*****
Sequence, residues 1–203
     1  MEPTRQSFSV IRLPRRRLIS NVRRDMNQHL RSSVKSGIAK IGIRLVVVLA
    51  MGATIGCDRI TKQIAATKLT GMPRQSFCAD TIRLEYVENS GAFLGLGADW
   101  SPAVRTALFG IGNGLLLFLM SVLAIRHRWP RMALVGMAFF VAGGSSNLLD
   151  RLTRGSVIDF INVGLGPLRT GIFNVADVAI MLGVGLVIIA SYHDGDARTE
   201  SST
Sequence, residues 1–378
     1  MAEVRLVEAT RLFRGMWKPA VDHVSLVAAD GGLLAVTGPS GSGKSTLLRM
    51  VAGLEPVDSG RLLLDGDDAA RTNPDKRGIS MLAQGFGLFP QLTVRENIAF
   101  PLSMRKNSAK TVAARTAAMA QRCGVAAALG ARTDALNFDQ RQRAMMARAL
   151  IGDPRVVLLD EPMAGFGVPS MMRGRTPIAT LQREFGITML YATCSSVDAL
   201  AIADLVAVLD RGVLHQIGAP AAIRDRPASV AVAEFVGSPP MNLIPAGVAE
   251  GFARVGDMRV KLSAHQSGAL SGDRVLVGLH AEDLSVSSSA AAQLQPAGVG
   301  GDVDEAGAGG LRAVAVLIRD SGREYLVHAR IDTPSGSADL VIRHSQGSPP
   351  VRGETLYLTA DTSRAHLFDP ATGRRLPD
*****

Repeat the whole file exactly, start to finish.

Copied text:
Sequence, residues 1–203
     1  MEPTRQSFSV IRLPRRRLIS NVRRDMNQHL RSSVKSGIAK IGIRLVVVLA
    51  MGATIGCDRI TKQIAATKLT GMPRQSFCAD TIRLEYVENS GAFLGLGADW
   101  SPAVRTALFG IGNGLLLFLM SVLAIRHRWP RMALVGMAFF VAGGSSNLLD
   151  RLTRGSVIDF INVGLGPLRT GIFNVADVAI MLGVGLVIIA SYHDGDARTE
   201  SST
Sequence, residues 1–378
     1  MAEVRLVEAT RLFRGMWKPA VDHVSLVAAD GGLLAVTGPS GSGKSTLLRM
    51  VAGLEPVDSG RLLLDGDDAA RTNPDKRGIS MLAQGFGLFP QLTVRENIAF
   101  PLSMRKNSAK TVAARTAAMA QRCGVAAALG ARTDALNFDQ RQRAMMARAL
   151  IGDPRVVLLD EPMAGFGVPS MMRGRTPIAT LQREFGITML YATCSSVDAL
   201  AIADLVAVLD RGVLHQIGAP AAIRDRPASV AVAEFVGSPP MNLIPAGVAE
   251  GFARVGDMRV KLSAHQSGAL SGDRVLVGLH AEDLSVSSSA AAQLQPAGVG
   301  GDVDEAGAGG LRAVAVLIRD SGREYLVHAR IDTPSGSADL VIRHSQGSPP
   351  VRGETLYLTA DTSRAHLFDP ATGRRLPD